There is no mention of Timothy, Barnabas, Titus or any of the other people Paul mentions. We don't hear about them until the Book of Acts. Some of these characters would have been good material to connect the story to Paul. In fact had Mark done so, we might not even be talking about this gospel "deception" it could have succeeded so well.

Aside from Peter, the passion story focuses on John, Mary Magdalene, the "other" Mary, and Joseph of Arimathea none of whom are mentioned in Paul.

The gospels (particularly the passion stories) show every sign of being an attempt to reconcile two, separate major traditions (perhaps with minor traditions tossed in)not the creation of a new one.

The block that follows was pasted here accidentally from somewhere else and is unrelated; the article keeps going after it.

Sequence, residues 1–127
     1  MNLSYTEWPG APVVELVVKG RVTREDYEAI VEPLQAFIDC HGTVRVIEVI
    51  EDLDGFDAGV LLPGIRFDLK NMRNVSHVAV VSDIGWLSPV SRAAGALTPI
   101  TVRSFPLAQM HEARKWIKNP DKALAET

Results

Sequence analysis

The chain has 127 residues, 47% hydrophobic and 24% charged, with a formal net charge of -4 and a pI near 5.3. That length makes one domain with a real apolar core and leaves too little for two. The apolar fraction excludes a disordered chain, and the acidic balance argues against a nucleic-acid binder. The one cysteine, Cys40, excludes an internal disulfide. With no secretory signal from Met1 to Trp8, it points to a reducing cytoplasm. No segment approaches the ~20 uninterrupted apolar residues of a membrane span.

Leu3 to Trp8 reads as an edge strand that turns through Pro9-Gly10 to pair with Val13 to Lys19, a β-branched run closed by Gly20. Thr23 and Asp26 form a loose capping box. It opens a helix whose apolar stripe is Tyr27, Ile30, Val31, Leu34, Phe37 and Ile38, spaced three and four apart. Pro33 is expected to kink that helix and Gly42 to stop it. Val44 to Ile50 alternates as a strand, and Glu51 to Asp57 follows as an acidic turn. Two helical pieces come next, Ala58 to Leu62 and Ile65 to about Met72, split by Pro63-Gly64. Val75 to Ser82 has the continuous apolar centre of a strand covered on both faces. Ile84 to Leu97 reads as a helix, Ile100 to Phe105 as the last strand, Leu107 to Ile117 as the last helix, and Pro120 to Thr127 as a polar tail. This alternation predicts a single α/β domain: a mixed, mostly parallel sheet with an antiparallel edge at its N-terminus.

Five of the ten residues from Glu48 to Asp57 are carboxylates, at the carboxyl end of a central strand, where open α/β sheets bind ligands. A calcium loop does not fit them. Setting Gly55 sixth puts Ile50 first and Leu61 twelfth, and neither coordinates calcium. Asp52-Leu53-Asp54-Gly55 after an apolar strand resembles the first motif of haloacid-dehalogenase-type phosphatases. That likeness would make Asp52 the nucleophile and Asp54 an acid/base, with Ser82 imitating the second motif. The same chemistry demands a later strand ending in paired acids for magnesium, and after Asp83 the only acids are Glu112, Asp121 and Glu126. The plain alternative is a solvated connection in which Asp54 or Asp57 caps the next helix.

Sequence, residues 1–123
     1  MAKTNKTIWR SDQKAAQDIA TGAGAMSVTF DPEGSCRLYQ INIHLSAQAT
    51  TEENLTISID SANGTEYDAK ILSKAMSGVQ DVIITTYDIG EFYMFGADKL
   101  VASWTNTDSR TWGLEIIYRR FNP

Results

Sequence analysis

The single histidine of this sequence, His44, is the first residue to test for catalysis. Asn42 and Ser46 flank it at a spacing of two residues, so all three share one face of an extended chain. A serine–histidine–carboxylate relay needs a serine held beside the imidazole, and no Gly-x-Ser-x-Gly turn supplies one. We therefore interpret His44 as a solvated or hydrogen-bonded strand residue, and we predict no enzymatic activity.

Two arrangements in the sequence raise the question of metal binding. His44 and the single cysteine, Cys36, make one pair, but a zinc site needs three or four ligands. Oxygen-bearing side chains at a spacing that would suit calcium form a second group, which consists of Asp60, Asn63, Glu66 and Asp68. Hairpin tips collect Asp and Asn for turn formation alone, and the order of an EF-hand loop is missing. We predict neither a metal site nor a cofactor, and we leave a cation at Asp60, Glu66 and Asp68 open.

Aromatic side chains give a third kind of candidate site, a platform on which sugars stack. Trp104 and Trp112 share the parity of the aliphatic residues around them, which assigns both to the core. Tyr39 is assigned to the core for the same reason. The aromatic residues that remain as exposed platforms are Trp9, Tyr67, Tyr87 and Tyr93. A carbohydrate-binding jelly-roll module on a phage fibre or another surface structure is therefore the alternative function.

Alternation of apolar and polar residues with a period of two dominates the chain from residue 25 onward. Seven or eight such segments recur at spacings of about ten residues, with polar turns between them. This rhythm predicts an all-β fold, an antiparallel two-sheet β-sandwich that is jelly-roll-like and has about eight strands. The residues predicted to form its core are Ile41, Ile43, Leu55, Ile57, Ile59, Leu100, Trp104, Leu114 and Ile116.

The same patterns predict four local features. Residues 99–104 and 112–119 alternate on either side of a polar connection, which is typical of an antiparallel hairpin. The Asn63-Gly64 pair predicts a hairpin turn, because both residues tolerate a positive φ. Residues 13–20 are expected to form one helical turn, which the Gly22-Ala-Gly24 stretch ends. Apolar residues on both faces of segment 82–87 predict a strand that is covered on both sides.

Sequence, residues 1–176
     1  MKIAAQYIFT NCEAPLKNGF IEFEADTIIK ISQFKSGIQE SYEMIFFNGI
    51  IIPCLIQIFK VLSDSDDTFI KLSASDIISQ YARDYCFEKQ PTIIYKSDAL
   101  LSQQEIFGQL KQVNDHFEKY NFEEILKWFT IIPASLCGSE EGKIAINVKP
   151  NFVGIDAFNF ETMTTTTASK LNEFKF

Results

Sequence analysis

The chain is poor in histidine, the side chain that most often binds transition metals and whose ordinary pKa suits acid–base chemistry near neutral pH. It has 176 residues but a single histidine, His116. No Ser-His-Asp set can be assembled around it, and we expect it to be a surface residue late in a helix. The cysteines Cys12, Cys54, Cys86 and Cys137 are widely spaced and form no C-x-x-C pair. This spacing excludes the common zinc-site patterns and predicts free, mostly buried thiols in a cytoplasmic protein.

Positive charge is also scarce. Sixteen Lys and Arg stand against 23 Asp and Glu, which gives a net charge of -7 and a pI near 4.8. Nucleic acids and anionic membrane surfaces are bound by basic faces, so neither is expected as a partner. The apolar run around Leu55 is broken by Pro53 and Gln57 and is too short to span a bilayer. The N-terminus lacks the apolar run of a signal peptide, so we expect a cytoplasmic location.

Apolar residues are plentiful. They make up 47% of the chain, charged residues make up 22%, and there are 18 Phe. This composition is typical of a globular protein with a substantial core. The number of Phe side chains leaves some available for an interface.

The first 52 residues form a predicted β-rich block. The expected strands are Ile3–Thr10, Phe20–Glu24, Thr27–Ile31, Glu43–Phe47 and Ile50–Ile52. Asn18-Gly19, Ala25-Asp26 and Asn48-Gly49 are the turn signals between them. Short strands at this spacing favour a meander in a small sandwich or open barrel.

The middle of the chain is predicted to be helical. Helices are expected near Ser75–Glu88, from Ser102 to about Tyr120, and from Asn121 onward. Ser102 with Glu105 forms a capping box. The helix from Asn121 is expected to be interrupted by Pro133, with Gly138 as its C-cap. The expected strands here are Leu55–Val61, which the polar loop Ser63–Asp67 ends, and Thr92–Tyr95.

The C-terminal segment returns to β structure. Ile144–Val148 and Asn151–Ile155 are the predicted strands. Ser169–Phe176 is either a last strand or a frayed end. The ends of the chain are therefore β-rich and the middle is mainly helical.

I will call these two traditions the Pauline and the Galilean. But if this is accepted, Doherty has to show that neither tradition rests on a historical figure, and that the of Jesus' humanity was invented in spite of the fact that it created a huge stumbling block for the acceptance of Christianity among the Jews.

G.A. Wells, Doherty's mentor seems to have come to a similar conclusion. Near the end of his career he admitted, "There may have been a Galilean preacher." I think what Doherty says about Paul makes a lot of sense, but the very disconnection between the gospels and Paul that allows him his point speaks for a separate tradition that was probably based on a real person.

[ August 13, 2001: Message edited by: boneyard bill ]

[ August 13, 2001: Message edited by: boneyard bill ]
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Old 08-13-2001, 03:02 PM   #24
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Bill: